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Premier Chen Chien-jen apologizes for controversies over imported eggs

09/22/2023 06:37 PM
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Premier Chen Chien-jen (left, in suit) is surrounded by lawmaker when appearing at the Legislative Yuan to deliver a special report on the government
Premier Chen Chien-jen (left, in suit) is surrounded by lawmaker when appearing at the Legislative Yuan to deliver a special report on the government's handling of the imported egg issues, with a lawmaker holding a placard saying that its the people who suffer results of the government's mistake, in Taipei Friday. CNA photo Sept. 22, 2023

Taipei, Sept. 22 (CNA) Premier Chen Chien-jen (陳建仁) on Friday apologized to the public for the first time following the recent controversies surrounding the mislabeling and mishandling of eggs imported in bulk from overseas.

There have been "some defects in our execution of the program" and they have caused "disturbance in society," Chen told the Legislature as he spoke about the government-funded scheme to import approximately 145 million eggs between March and July due to an egg shortage in Taiwan.

Most of the eggs were imported from Brazil, followed by Turkey and Thailand, according to the report submitted by the Cabinet to the Legislature on the issue of imported eggs.

"Here I would like to apologize to the people of the country," he said at the podium surrounded by the main opposition Kuomintang (KMT) lawmakers who had been disrupting his report intermittently and calling for him to apologize.

Not to be outdone, legislators from the ruling Democratic Progressive Party rallied behind Chen in a show of support for the premier.

The KMT protest lasted less than 10 minutes before Legislative Speaker You Si-kun (游錫堃) stepped in and warned against disrupting the hearing.

In his report, Chen said the program was launched in March in cooperation with private importers to tackle an egg shortage in Taiwan caused primarily by the global outbreak of bird flu, which subsequently led to the soaring of egg prices in the domestic market.

Acting Agriculture Minister Chen Junne-jih (陳駿季), who was appointed shortly after Chen Chi-chung (陳吉仲) stepped down from the post amid the controversies, noted that there had been a daily shortage of about two million eggs in Taiwan before the program began.

However, KMT lawmaker Wang Hung-wei (王鴻薇) later questioned whether the Ministry of Agriculture (MOA) had failed to accurately estimate how many eggs the country needed, citing the fact that of the 145 million imported eggs, 54 million had been sent to be destroyed after expiring in storage.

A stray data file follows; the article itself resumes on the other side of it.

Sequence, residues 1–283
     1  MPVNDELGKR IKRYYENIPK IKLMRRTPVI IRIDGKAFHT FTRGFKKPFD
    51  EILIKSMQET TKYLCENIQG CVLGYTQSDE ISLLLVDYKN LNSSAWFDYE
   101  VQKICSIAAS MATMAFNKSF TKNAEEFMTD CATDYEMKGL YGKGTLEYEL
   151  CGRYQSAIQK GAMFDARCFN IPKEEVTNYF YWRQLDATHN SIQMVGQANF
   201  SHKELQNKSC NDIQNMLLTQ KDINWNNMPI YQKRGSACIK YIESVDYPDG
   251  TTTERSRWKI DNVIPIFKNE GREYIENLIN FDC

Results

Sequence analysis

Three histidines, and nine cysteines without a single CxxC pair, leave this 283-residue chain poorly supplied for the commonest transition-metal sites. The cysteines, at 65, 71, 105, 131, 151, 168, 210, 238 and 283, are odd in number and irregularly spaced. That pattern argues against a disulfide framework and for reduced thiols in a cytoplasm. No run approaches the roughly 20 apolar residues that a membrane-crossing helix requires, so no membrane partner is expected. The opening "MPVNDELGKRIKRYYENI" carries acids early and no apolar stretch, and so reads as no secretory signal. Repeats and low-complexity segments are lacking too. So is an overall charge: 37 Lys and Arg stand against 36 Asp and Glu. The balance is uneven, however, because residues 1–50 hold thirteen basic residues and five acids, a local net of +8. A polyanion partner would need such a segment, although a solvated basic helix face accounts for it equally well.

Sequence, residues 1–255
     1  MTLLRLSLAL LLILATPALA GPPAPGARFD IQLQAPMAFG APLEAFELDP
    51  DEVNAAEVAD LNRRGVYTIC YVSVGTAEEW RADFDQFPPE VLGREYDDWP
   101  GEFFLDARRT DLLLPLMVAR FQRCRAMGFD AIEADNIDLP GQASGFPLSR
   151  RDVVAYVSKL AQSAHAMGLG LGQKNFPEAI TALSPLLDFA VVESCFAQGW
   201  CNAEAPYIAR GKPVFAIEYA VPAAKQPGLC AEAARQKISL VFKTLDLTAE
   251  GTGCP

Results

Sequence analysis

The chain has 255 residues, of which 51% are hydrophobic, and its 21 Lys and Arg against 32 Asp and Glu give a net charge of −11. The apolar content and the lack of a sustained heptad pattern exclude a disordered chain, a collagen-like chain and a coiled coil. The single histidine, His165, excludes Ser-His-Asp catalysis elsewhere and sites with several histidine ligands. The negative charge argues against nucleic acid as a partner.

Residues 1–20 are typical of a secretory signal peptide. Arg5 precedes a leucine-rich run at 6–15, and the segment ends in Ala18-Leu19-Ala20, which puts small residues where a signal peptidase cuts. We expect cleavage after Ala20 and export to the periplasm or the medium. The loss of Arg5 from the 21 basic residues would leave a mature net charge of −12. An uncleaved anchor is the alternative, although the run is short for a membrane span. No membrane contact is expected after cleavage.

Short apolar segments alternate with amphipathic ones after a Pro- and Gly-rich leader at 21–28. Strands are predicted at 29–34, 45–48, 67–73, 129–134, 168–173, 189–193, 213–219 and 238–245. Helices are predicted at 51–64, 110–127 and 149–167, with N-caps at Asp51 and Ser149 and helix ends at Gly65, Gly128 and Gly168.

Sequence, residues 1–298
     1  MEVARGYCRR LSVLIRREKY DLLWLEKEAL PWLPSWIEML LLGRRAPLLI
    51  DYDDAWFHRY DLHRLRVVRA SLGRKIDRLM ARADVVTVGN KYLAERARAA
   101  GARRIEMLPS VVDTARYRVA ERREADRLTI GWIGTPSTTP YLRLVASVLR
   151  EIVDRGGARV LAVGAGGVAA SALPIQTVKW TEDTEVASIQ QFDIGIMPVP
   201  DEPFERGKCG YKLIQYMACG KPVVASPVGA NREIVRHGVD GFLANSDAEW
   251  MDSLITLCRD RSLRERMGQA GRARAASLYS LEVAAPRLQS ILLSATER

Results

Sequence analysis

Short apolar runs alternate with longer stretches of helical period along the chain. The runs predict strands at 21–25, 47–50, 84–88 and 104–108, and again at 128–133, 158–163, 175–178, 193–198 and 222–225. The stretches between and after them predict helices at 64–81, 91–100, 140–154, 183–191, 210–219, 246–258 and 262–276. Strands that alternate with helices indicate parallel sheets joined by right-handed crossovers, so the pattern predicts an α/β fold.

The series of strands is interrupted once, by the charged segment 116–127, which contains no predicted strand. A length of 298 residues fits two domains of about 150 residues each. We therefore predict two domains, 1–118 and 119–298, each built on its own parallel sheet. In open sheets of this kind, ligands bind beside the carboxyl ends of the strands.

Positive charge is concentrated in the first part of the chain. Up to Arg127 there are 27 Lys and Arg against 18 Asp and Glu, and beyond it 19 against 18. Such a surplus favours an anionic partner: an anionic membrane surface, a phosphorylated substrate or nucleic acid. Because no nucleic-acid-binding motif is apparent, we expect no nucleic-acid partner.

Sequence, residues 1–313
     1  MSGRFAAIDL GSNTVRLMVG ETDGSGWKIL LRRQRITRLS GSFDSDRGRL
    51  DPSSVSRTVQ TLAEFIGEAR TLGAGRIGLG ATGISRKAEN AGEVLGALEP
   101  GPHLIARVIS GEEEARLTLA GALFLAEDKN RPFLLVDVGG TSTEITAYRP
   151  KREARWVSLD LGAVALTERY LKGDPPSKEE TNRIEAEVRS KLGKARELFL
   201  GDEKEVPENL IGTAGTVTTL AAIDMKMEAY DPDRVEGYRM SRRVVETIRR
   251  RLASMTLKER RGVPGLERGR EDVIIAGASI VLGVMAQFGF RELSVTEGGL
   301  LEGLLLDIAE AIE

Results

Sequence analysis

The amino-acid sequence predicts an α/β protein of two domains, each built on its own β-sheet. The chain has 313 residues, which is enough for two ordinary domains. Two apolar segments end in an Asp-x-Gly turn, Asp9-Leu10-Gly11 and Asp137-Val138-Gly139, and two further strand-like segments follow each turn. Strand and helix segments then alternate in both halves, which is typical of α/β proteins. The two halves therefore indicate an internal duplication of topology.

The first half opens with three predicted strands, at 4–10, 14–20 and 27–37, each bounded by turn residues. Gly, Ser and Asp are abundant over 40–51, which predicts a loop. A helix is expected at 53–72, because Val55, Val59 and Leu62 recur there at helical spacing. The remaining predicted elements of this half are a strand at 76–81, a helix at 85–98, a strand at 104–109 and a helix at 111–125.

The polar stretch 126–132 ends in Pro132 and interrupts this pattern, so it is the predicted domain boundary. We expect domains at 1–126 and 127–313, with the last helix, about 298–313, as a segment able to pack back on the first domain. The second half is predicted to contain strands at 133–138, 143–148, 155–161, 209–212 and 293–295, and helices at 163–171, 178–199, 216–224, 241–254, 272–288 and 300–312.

The 54 million eggs -- 37.18 percent of the total -- failing to enter the domestic market led to accusations of financial waste on the part of the government.

In response, Chen Chien-jen argued that the MOA's estimate had been "fair," but also admitted that several other private importers not involved in the government program had also been importing eggs from overseas suppliers, leading to the domestic supply of eggs slowly stabilizing over that period.

He added that the 54 million eggs were put in storage in order not to "affect the earnings of local egg producers" and that they would be turned into agricultural compost after being destroyed.

The program has also come under criticism after incidents in which imported eggs were labeled with the wrong expiration date or country of origin.

Some local governments and retailers pulled the mislabeled eggs from store shelves but it remains unclear whether any were sold, and if so how many.

According to Chen Chien-jen, no imported expired eggs were sold and the remaining 32 million eggs that had been kept as reserves will be distributed to food processors, rather than being sold fresh.

Chen Chien-jen said in the future the MOA would work closely with the Food and Drug Administration to keep track of the handling of imported eggs and make information about their processing and labeling public.

He also agreed with lawmakers that the Cabinet would consider no longer importing eggs from a country from which a shipment to Taiwan would take more than 20 days.

Nevertheless, when legislator Chiu Hsien-chih (邱顯智) of the New Power Party urged the premier to launch a Cabinet-led investigation to determine if there was any misconduct by the MOA, he declined to commit.

In response to Chiu, Chen Junne-jih confirmed that Chang Ching-wei (張經緯) will be stepping down as the director-general of the MOA's Department of Animal Industry.

Chang will become the third official to resign over the issue, following the resignations of Chen Chi-chung and Lin Tsung-hsien (林聰賢), chairman of the National Animal Industry Foundation, on Tuesday.

(By Teng Pei-ju)


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